View Full Version : Of misfires and holes in trucks...

October 29, 2004, 03:47 PM
I really don't know where to put this one. It could fall under many different headings, but I figure here is as good as any. If the Webmaster thinks it should go somewhere else, I guess he'll move it.

Customer comes into my shop with an old Winchester. Says he wants the barrel replaced. When I ask why (this before I even looked at the piece), I get the following account of the "accident":

2 guys are Elk hunting. My customer is one of the two. They're inside the cabin, where a roaring fire is going. Snowing outside. They head out before first light, pile into the truck (where the heater keeps it nice and warm) while they drive to a point somewhere near their chosen spot.

A few hours later, an Elk shows himself. Fellow with a Remington 700 (in .300 WinMag) pushes off the safety, sights and squeezes one off. Nothing. He re-bolts the rifle, pulls the trigger again. Nothing. His buddy decks it with the old Winchester.

My customer, loudly questioning the parentage of whoever designed the Remington 700, helps out his friend with dressing the animal out. They load everything back into the truck, rifles in the cab, Elk in the back, and start home.

Halfway home, the Remington discharges. It just so happens that the rifle is oriented towards the barrel of the old Winchester, the bullet smashing squarely into the right side of the barrel, denting it badly, and going on to pass through the passenger side of the truck and out into the wild blue yonder. The Remington, apparently, from being in hot/cold/hot/cold environments so rapidly, had accumulated a decent amount of moisture in the fire controls. This moisture promptly froze in the sub-freezing temperature they were hunting in and locked up the fire controls. After my customer pulled the trigger and nothing happened, he did not put the safety back on, nor did he bother to unload the rifle. Consequently, when it thawed out in the warm truck, the rifle discharged.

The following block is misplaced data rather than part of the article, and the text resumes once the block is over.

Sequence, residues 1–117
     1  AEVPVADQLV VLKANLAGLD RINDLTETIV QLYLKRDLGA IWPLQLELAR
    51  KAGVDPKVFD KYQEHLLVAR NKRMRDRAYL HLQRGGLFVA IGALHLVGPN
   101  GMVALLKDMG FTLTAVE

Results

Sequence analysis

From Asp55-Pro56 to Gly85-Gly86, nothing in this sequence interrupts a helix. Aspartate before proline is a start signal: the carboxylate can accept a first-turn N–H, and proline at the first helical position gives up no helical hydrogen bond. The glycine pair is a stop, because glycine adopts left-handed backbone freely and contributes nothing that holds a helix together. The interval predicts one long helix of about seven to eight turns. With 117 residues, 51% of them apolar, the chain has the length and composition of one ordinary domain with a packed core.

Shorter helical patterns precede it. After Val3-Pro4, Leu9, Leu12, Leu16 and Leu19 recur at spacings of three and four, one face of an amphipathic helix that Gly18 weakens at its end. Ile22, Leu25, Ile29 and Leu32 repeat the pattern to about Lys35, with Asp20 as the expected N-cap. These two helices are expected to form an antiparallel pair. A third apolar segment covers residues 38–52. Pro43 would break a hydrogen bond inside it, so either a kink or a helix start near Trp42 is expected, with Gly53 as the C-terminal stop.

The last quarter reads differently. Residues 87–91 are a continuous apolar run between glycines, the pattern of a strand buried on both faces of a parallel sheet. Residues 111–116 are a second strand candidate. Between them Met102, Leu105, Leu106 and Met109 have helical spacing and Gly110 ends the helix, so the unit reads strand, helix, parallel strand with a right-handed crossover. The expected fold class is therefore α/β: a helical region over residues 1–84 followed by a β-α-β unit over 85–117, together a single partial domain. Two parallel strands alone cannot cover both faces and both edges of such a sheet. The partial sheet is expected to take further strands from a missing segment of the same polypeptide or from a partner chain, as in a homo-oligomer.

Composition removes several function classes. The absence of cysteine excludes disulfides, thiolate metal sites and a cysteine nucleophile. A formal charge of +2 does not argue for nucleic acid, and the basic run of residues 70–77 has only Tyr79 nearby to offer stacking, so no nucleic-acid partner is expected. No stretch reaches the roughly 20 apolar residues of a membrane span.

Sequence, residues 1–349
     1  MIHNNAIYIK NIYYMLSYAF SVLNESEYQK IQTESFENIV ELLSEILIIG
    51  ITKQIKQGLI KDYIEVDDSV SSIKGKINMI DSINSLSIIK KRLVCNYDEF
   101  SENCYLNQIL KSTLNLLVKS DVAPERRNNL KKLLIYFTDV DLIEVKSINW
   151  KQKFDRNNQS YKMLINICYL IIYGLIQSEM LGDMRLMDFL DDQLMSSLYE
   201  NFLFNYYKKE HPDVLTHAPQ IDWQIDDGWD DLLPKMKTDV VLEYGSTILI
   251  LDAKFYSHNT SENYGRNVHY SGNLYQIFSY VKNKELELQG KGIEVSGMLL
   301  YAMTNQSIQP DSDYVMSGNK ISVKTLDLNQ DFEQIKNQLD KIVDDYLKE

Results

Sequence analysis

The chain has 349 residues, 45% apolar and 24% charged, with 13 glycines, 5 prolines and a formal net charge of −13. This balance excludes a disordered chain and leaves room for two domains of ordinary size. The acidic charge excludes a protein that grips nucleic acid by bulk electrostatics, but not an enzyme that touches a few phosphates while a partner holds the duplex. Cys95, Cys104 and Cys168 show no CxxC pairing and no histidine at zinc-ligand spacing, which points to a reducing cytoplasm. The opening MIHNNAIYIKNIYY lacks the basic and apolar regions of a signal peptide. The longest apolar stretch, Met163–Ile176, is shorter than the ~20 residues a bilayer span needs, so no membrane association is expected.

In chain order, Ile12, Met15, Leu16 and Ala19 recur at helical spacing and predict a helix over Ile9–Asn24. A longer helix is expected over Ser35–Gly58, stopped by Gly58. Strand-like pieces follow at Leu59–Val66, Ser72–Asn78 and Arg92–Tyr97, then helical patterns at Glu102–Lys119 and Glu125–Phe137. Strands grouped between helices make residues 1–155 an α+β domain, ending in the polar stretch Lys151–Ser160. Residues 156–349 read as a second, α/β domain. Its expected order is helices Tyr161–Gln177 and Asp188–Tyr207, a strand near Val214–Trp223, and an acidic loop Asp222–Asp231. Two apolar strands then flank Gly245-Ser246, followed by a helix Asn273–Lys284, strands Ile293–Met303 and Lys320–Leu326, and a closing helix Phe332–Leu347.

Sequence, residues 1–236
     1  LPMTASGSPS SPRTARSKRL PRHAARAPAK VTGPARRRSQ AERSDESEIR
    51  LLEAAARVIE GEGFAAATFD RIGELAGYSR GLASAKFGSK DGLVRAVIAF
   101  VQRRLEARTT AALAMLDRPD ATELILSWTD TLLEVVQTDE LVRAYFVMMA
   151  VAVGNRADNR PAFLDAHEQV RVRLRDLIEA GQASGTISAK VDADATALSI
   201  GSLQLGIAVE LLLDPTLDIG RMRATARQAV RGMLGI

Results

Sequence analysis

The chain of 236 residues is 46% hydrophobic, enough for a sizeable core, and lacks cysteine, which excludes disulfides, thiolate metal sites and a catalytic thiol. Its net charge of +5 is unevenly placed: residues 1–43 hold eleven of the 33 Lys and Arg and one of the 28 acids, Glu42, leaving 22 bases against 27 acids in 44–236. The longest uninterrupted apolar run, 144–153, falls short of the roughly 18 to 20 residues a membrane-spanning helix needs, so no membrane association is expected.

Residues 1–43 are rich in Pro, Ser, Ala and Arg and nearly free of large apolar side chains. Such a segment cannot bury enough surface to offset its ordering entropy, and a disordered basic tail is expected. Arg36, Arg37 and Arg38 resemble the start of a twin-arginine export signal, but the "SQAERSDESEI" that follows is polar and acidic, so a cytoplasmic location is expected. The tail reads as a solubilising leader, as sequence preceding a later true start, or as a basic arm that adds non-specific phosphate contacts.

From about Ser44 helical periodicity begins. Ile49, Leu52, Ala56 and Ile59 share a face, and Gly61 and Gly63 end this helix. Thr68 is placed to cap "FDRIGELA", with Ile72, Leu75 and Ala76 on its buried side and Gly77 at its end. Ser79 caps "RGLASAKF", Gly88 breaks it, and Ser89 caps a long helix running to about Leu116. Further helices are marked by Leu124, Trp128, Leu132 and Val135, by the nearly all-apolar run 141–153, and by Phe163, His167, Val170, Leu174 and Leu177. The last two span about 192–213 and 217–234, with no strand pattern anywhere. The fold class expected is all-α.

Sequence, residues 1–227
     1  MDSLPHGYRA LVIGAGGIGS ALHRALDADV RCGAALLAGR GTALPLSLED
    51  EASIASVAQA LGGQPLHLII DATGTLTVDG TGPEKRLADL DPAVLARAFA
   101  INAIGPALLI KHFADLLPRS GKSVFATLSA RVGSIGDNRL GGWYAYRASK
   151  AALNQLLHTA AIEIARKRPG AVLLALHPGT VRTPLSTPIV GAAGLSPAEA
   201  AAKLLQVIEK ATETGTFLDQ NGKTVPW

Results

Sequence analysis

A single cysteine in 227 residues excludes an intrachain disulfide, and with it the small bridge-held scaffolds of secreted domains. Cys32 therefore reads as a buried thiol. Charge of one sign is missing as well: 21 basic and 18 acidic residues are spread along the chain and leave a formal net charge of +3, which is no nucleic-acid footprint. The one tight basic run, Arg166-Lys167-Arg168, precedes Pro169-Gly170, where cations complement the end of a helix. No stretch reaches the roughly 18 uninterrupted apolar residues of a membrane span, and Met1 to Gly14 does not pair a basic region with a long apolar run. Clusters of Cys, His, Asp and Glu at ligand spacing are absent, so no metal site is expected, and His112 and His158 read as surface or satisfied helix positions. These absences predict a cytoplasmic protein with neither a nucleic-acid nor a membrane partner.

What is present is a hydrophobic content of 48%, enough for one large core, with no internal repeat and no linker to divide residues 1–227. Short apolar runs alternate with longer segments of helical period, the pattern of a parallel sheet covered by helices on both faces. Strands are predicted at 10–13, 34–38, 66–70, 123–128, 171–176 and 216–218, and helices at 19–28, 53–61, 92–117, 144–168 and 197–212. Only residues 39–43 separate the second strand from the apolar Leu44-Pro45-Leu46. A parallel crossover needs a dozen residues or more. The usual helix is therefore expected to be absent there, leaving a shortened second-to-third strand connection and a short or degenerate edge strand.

The rifle that was brought to me for barrel replacement, and I am not making this up, had had the "dent" in the barrel removed by SAWING THE DAMAGED SECTION OUT AND WELDING THE TWO SECTIONS BACK TOGETHER AGAIN! They used a metal rod to hold the sections together while it was TIG-ed back together, instead of doing the right thing and replacing the entire barrel. This had happened over two years prior and they had been shooting the rifle like this the whole time! Fortune favors the foolish.

If there's a moral to this, I guess it would be: If there is the smallest doubt, have a professional smithy repair the firearm. It's your eyesight, fingers, and life on the line after all. I think the other smithy's in here would agree that verbally running down their client base for a mistake is a bad thing, and that keeping you all safe and happy is a good thing. I'll be the first to admit that I'm all for shooters doing things on their own. I'll even go so far as to teach customer's how to perform certain easy repairs, if I think they can manage it and they're enthusiastic about it. But, using the above account as a living example, please realize your limitations.


By the way, everyone involved in the above episode was not injured. Just some new ventilation in the F250 and the Winchester.

October 29, 2004, 05:12 PM
I suppose anything is possible but I don't think that true story will ever come out

October 29, 2004, 05:20 PM
That's true. Sometimes customers tend to leave out certain facts because, lets face it, we all have done something fantastically dumb in our lives and it's embarassing. I'm no exception. Though there was one fellow who was completely honest.

He brought in a LC Smith. In a box. In about 247 pieces. He was dove hunting and decided to shoot a fish, a perch, while crossing a stream. He stuck both barrels underwater and touched it off. Believe it or not, he wanted me to repair what was left.


October 29, 2004, 06:57 PM
The trick is to line up the two barrel sections and to line up the rifling !!! :)